female viagra, Lucy Rowett

No, you don’t need female viagra

“Women are not desiring more sex. They want better sex.

Dr. Julie Krop

A few days ago, I saw in the news that a new drug designed to boost women’s sex drive has been approved by the FDA in the United States.

Vyleesi is a shot that you take that is supposed to last for several hours and is being touted as “The Female Viagra” because it’s meant to increase a woman’s desire for sex (despite the very unsexy side effects of headaches and nausea).

Ever since the release of erectile drugs like Viagra and Cialis in the 1990s to help men with erectile difficulties, there’s been a search to create the female alternative. If you Google, “Female Viagra”, you’ll find many herbs and potions that are supposed to work like magic on a woman’s desire.

It would be so simple to just take a pill, a shot, or some herbs to supposedly, “cure” low libido in a woman rather than look at the underlying factors.

I have serious reservations about a Female Viagra, and here’s why:

Are you too tired for sex? Is your partner not a skilled or attentive lover? Are you feeling ashamed and confused about your body? Don’t know how to ask for what you want, or know what you want in the first place? Are your hormones out of balance?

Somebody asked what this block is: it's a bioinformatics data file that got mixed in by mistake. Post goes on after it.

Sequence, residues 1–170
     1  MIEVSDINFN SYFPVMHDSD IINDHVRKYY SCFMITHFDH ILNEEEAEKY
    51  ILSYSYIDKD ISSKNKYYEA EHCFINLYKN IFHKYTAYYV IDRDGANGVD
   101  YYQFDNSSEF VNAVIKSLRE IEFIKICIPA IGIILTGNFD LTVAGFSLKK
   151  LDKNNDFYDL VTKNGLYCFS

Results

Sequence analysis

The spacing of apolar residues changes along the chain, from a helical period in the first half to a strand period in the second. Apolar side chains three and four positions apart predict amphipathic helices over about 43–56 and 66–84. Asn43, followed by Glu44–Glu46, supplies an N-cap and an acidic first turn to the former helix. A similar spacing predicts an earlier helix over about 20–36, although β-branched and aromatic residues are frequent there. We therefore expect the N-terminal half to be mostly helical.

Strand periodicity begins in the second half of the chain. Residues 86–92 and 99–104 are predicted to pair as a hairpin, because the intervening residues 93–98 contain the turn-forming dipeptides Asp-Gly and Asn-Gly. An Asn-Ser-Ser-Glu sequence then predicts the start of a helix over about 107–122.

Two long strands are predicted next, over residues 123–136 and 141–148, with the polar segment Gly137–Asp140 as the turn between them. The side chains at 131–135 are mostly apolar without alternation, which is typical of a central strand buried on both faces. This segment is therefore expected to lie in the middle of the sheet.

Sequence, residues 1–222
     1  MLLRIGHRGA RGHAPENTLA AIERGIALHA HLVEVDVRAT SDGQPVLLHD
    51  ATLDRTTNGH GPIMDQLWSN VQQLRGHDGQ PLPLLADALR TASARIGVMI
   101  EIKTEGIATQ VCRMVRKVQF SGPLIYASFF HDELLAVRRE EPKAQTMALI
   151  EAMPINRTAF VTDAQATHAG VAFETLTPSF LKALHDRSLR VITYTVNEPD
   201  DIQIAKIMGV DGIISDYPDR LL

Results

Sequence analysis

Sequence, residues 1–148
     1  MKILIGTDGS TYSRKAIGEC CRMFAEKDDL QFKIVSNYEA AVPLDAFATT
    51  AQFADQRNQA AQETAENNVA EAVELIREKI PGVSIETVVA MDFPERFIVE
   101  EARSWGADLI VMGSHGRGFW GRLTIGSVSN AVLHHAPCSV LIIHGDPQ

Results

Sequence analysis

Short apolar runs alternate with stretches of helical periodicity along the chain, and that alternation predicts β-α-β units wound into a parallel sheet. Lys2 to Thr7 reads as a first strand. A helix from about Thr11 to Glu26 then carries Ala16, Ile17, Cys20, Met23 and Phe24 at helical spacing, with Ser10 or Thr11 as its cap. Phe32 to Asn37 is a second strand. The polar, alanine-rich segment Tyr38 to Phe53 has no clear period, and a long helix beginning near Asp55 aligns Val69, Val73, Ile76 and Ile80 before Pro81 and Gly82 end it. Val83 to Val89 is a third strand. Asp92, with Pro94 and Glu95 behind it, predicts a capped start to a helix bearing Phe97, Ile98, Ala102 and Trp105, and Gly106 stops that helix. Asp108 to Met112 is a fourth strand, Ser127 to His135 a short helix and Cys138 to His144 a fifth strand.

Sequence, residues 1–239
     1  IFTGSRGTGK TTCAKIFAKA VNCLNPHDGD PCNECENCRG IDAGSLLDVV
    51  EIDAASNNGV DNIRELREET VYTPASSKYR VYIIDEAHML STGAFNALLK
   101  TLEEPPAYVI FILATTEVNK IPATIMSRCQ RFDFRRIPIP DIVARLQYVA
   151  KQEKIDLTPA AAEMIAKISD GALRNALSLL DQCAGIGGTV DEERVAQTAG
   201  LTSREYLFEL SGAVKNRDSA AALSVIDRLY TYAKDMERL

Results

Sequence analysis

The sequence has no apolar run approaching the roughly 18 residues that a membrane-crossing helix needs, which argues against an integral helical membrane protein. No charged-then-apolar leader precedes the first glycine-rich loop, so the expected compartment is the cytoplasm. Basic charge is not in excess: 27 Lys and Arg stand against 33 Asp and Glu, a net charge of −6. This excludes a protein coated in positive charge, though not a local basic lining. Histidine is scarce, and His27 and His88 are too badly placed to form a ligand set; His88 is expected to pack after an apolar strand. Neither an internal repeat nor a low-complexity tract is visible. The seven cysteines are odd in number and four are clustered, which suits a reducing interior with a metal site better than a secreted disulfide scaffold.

This isn’t something a shot or a pill can fix by itself. You just have to ask any professional who works with sex- be they a sex coach, sex therapist, bodyworker, Tantrika, or sex worker- and they’ll tell you the same: 

Desire isn’t something you can medicate away because desire is complex.  

It’s affected by how you feel about your body, how well you know your body, your relationship with pleasure, your stress levels, communication skills, being able to ask for what you want, your hormones, health conditions, chronic pain, side effects from medication, an un-diagnosed health concern, going through the menopause, pelvic or vulvar pain, and a myriad of other factors.

Sexual desire complex and multifaceted. 

Many studies have been done that apparently show that women are less interested in sex than men. Let me preface this by saying that these studies were often done by men, and never seemed to ask the most important question:

Is it sex that women don’t want? Or is is the sex they’ve been having they don’t want?

Maybe the sex you’ve been having hasn’t been particularly pleasurable for you? Or what if your definition of “sex” doesn’t feel particularly sexy to you?

It’s only recently that we are understanding more about how desire and pleasure work in the body. When I was at a sexology conference last year, one phrase stuck with me: “Sex is supposed to start with an erection and end with an ejaculation.”

For too long, female sexual pleasure has been completely ignored and not considered an essential part of sexual health, isn’t that sad?